‘Ghost Guns’ for Silent Hunting and Shooting


In early 1962, while several other crow hunters and I spent countless weekends shooting across the hardwoods and pine forests of Minnesota, we hatched the bright idea for a screw-in suppressor system designed just for shotguns. The commercial final solution was Metro Gun Systems. After over 5,000 sales, with many others jobbed out to satellite outfits, the name and use has stuck with shotgunners across the U.S. and several foreign countries, right up to present time.

As interest in quiet shooting systems slowly developed, the natural next step in the process was building a “can” full suppressor system for a shotgun, built under the name Orion. With that development came even more directed research into the possibilities of using suppressed firearms across the board for both rifles and shotguns alike. The outcome took about a decade to gel and the use of quiet firearms, dubbed “ghost guns,” came to pass among our little group of fur- and feather-chasing hunters.

This was well ahead of the pack regarding suppressed firearms.  With my move to South Dakota—a very open rights state—I went head over heels with the concept of using stealth methods in the field in search of everything from trophy whitetails and turkeys in season to coyotes and crows during the off-season months.

Buying a suppressor

Right off, I must say that not all suppressed system on rifles, handguns or shotguns produce the same results in terms of accuracy or sound reduction. In general, you get exactly what you pay for. I have a buddy who thought he was ahead of the curve since he already owned several suppressor cans. But when he picked up a bargain basement special and tied it onto his DPMS AR-10 in 308, everything about that cheap suppression system went straight downhill fast.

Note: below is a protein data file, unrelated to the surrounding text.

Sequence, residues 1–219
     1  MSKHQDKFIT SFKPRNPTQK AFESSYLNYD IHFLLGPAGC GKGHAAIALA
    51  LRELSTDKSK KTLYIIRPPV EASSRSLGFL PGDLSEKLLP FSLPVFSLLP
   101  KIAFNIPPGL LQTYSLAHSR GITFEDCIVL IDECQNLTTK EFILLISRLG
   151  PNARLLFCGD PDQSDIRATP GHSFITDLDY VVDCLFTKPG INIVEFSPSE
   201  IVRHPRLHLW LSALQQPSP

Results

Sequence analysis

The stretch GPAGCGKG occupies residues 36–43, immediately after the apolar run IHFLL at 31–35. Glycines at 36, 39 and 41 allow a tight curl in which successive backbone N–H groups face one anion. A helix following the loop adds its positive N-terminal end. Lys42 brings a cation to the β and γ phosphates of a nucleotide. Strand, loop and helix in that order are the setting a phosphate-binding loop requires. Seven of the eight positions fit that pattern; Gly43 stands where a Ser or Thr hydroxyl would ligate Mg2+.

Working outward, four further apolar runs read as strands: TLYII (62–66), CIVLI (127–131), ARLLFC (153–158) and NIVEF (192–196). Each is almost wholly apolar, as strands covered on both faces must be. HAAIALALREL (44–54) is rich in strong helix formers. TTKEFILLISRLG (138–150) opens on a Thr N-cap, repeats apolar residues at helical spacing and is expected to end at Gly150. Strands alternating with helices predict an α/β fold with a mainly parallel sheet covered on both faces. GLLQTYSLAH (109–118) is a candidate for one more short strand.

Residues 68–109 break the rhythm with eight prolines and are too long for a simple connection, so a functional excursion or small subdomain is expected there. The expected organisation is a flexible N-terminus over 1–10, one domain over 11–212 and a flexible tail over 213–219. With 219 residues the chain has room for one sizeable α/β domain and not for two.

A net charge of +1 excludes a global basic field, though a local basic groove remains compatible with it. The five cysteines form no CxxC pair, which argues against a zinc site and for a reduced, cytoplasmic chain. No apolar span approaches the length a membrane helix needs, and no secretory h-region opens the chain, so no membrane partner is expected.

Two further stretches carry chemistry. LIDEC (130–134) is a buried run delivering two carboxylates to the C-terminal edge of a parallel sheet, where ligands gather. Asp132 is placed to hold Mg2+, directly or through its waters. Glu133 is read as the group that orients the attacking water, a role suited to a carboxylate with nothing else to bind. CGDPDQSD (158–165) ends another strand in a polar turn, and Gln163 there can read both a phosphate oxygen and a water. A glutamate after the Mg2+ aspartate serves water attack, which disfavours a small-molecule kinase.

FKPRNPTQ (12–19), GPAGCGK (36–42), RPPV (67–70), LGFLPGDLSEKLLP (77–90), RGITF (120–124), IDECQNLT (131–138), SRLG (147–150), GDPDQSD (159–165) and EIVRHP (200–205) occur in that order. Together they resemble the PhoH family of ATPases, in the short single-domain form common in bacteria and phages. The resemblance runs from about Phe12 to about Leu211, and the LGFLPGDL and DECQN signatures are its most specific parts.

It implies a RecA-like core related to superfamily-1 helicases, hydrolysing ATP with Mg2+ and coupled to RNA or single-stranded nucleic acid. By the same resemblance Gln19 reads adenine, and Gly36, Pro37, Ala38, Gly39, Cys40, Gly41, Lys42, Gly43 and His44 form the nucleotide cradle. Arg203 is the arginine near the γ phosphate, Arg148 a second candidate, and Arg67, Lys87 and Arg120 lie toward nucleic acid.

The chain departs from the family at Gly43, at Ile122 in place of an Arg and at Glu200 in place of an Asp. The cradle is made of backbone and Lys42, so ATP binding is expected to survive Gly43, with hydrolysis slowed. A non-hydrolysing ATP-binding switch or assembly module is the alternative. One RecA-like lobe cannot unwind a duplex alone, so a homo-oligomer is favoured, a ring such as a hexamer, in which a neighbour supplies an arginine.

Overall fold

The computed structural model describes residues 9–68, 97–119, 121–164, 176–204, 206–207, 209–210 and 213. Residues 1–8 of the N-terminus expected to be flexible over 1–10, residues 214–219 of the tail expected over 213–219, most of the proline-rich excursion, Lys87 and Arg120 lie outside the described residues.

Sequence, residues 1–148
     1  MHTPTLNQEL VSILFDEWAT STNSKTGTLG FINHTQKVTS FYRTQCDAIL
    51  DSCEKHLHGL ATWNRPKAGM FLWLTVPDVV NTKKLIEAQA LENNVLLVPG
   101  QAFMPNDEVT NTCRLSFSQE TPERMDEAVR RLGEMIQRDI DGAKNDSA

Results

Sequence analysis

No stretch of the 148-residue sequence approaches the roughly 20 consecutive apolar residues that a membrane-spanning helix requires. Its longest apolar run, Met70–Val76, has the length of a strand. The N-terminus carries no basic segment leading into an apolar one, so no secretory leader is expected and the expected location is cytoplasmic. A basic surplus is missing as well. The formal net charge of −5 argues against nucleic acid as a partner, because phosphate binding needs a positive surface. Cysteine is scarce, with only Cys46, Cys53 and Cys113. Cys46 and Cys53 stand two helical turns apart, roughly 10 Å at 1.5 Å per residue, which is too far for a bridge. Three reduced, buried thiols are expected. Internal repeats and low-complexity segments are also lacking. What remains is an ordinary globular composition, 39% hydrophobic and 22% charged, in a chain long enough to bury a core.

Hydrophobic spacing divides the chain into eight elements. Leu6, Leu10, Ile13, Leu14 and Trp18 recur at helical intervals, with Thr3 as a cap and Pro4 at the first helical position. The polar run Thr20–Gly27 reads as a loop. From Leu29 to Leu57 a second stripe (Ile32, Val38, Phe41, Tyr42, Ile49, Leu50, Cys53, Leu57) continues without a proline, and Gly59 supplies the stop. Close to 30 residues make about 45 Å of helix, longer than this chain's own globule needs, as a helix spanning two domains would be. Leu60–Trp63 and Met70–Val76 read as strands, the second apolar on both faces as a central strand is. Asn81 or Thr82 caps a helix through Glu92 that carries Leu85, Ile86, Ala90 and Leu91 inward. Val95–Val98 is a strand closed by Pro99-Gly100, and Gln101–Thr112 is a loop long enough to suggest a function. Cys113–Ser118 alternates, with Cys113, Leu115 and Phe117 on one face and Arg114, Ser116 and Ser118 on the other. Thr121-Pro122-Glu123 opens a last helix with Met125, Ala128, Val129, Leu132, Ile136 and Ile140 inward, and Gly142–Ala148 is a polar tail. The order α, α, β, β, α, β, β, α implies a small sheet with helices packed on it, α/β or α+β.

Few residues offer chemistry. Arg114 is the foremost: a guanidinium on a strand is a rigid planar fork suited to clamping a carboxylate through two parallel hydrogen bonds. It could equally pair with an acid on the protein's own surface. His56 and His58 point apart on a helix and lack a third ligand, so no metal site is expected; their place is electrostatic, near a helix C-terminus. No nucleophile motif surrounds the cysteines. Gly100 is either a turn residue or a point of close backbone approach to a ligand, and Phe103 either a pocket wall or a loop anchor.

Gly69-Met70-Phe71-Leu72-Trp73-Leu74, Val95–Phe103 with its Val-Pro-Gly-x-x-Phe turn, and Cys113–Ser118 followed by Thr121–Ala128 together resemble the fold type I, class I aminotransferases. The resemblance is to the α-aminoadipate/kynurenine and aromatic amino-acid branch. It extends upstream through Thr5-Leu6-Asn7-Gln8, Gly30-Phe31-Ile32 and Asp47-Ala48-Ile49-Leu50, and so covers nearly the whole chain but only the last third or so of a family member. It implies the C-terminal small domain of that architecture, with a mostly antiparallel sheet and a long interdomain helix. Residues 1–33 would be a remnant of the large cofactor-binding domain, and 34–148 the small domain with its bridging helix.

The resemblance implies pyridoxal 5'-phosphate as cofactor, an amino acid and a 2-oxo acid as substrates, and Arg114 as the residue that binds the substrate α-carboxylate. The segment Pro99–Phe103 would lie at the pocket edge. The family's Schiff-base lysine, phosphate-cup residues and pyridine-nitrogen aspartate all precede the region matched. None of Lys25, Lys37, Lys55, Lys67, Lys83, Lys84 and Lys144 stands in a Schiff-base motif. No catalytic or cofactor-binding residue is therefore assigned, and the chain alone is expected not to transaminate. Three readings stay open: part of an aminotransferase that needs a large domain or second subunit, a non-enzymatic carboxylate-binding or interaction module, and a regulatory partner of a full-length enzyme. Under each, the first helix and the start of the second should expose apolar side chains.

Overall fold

Each manufacturer works through suppressor designs. While looking much alike on the outside, the can insides are very different. Some use corkscrew baffles and some use round plates. Some use a large number inside the tube chambers and some use just a few. The fact is, go by two things when checking out a suppression system. First, research the company’s history; and second, if possible, put an ear to the actual product being fired. That second part is tough, but if you have a bunch of buddies who own these systems it gets a bit easier.

Every year, I go to the big SHOT SHOW writer’s event in Las Vegas, Nevada. On the writer’s day buy-and-try deal, I try to shoot suppressed weapons using a variety of suppressors in the process. Take my word for it: It is a real education as to variations in products.

The best suppressor I have ever shot—and own two of—is built by Gemtech. I obtained my first suppressor from this company: a rebuilt “can” that came directly from the Middle East, set up with a quick-release attachment to my AR-15. This suppressor and had been completely restored for test purposes. I retain that can because it is nothing but amazing in terms of sound reduction and accuracy retention.

Yes, accuracy, because shooting your rifle with or without the suppressor can mean a change in impact points. I can say for a fact that I have never experienced a change from suppressor to a standard barrel application on the same rifle using the Gemtech Mil Spec designed system. This includes almost two decades of use.

As a second option, I also use the Gemtech 300 Win mag designed “can,” again Mil Spec graded, and as such use it from 22 LR through 300 Win Mag. The suppressor is silent—end of story—regardless of what you screw in it onto. The complexed baffle system in this “can” not only suppresses the big 300 Win Mag, but when installed on the 22 WMR, you can almost hear the firing pin contact the cartridge rim as the trigger is deepness. I run this can on my 6.5 Creedmoor, 308 Winchester, .224 Valkyrie, as well as the previous mentioned rifles. You could say this brand of suppressor is the Jack of all trades, and the system has earned its way into my options as field tools. Remember, you’re going to get what you pay for much of the time, and less cost means more noise downrange in most cases.